However, we do not know enough about allulose’s manufacture to compare these two processes.
What Benefits Does It Have?
There are several benefits that allulose sweetener can offer, and here are some of the primary considerations.
1) May Improve Dental Health
Using allulose in place of regular sugar may lead to better dental health.
First of all, sugar is a significant contributor to dental problems such as dental caries, and research demonstrates that sugar damages our teeth in a dose-dependent manner (6, 7).
The more sugar we consume, the worse the effect it has on our teeth.
However, allulose is different.
The enzymes in our mouth cannot break allulose down, so oral bacteria cannot feed on it like they can with regular sugar.
As a result, these bacteria cannot produce the by-product acids that attack tooth enamel.
Notably, it seems that allulose may even hold dental benefits.
Some initial research from the Faculty of Medicine at Kagawa University, Japan asserts that allulose effectively controls bacteria that can lead to periodontal disease (8).
Overall, researchers view allulose as a “tooth-friendly sweetener” (9).
2) Improves Blood Sugar and Insulin Sensitivity
Numerous studies have looked into the effect allulose may have on blood sugar and insulin levels.
Some of these studies have been animal trials, and others used human participants.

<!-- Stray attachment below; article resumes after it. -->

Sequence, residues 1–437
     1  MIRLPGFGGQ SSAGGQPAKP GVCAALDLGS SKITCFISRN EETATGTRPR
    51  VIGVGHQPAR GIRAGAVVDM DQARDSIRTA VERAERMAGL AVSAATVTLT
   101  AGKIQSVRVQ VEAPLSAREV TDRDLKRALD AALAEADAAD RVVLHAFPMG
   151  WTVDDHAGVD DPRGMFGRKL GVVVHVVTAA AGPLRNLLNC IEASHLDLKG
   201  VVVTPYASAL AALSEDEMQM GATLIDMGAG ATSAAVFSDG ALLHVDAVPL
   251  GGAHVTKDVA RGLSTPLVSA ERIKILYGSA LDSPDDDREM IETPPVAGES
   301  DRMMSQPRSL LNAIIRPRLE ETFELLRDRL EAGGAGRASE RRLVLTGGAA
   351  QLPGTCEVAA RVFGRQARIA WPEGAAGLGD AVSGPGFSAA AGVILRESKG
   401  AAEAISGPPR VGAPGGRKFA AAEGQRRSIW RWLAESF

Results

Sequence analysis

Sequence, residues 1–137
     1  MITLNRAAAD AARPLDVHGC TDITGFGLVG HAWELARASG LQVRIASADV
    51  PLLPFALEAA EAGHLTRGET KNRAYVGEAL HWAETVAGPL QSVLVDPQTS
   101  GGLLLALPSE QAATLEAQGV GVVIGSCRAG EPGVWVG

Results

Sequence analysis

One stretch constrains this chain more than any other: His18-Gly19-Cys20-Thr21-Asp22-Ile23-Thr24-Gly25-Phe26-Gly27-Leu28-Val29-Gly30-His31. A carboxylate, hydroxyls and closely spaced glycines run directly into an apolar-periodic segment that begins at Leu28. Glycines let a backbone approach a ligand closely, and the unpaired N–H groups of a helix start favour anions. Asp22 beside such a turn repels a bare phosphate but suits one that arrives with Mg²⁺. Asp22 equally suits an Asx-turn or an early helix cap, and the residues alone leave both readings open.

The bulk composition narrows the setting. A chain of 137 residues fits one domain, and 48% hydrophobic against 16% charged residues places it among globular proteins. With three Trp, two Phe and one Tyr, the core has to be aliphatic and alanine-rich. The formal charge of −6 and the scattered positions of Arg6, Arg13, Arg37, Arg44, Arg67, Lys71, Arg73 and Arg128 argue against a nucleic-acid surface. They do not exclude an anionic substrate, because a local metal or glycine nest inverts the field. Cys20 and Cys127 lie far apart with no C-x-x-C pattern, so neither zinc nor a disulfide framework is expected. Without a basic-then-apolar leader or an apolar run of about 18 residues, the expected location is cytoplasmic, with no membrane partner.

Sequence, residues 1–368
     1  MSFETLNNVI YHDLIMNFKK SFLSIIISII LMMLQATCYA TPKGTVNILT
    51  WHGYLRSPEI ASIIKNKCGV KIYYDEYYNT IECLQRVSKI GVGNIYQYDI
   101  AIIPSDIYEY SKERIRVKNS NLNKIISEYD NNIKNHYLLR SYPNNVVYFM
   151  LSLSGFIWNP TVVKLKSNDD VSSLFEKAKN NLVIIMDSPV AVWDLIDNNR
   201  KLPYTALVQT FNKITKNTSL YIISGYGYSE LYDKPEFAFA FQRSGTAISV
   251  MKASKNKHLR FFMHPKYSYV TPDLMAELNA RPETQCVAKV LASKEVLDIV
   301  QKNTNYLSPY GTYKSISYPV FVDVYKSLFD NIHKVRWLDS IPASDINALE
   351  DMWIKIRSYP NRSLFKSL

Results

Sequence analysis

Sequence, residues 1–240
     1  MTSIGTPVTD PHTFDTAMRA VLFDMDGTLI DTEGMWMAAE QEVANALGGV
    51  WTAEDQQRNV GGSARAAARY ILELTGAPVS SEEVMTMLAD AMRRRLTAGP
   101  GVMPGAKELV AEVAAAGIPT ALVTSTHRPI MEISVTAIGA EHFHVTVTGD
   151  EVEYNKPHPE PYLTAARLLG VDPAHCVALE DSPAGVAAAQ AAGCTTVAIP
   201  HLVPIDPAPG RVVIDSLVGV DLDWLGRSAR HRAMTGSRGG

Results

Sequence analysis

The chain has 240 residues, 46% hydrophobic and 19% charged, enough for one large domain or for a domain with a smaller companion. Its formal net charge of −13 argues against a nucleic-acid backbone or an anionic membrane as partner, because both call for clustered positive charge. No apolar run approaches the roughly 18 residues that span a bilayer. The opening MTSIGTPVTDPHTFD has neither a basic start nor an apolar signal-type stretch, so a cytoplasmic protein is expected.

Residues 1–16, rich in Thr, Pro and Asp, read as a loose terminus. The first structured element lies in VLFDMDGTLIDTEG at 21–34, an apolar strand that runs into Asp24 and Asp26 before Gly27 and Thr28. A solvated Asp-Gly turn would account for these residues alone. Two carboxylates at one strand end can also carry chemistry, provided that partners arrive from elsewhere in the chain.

Firstly, one study showed that consuming allulose alongside glucose lowers the blood sugar and insulin response in dogs (10).
Additionally, a study in rats demonstrated that replacing drinking water containing 5% glucose with 5% allulose-supplemented water reduced blood glucose and insulin levels (11).
Replacing sugar with allulose sweetener has a positive effect on blood glucose in animal models, but what do human trials show?
In a medium-term randomized controlled trial, 26 adults took either zero or five grams of allulose with three meals per day over a period of 12 weeks.
The results demonstrated “significantly lower” blood glucose levels in the allulose group. These blood sugar levels were lower while fasting and for up to 2 hours after each meal (12).
3) Potential Weight Loss Benefits
A reasonably large study from Korea suggests that supplementing the diet with allulose sweetener may help with weight loss.
This study was a randomized controlled trial featuring 121 Korean adult participants, and it investigated potential weight loss effects from low-dose allulose and high-dose allulose, alongside a control group using sucralose.
Markedly, the results found that supplementing with allulose decreased body fat in a dose-dependent manner (13).
But…. Allulose Is Not Magic
It is important to note that the benefits of the study above are not caused by adding allulose to the diet.
I know, it would be great to add some sweetener to our diet and magically lose some weight, but that isn’t how it works, unfortunately.
In contrast, the most likely explanation for the weight loss is that as the participants used allulose, they did not use sugar (or replaced caloric choices with the sweetener).
Additionally, knowing that you are in a weight loss trial can be a significant motivational factor in losing weight.